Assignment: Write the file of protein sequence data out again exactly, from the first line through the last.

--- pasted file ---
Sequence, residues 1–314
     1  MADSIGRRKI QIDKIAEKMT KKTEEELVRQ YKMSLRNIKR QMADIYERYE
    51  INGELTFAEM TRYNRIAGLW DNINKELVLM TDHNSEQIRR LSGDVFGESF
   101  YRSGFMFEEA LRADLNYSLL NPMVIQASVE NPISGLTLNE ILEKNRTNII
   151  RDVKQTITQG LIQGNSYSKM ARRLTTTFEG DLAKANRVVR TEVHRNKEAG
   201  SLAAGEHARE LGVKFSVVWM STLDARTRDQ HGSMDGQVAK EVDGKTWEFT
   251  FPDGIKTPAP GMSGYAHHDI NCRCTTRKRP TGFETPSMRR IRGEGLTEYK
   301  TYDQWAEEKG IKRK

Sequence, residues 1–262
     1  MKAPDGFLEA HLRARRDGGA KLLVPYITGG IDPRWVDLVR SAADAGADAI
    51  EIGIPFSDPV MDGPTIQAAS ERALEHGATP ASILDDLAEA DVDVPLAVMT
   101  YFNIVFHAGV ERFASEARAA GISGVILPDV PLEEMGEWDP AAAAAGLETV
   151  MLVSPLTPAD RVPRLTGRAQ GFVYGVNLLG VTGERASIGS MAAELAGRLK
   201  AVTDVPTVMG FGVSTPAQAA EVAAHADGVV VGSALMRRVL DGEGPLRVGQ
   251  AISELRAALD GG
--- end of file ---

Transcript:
Sequence, residues 1–314
     1  MADSIGRRKI QIDKIAEKMT KKTEEELVRQ YKMSLRNIKR QMADIYERYE
    51  INGELTFAEM TRYNRIAGLW DNINKELVLM TDHNSEQIRR LSGDVFGESF
   101  YRSGFMFEEA LRADLNYSLL NPMVIQASVE NPISGLTLNE ILEKNRTNII
   151  RDVKQTITQG LIQGNSYSKM ARRLTTTFEG DLAKANRVVR TEVHRNKEAG
   201  SLAAGEHARE LGVKFSVVWM STLDARTRDQ HGSMDGQVAK EVDGKTWEFT
   251  FPDGIKTPAP GMSGYAHHDI NCRCTTRKRP TGFETPSMRR IRGEGLTEYK
   301  TYDQWAEEKG IKRK

Sequence, residues 1–262
     1  MKAPDGFLEA HLRARRDGGA KLLVPYITGG IDPRWVDLVR SAADAGADAI
    51  EIGIPFSDPV MDGPTIQAAS ERALEHGATP ASILDDLAEA DVDVPLAVMT
   101  YFNIVFHAGV ERFASEARAA GISGVILPDV PLEEMGEWDP AAAAAGLETV
   151  MLVSPLTPAD RVPRLTGRAQ GFVYGVNLLG VTGERASIGS MAAELAGRLK
   201  AVTDVPTVMG FGVSTPAQAA EVAAHADGVV VGSALMRRVL DGEGPLRVGQ
   251  AISELRAALD GG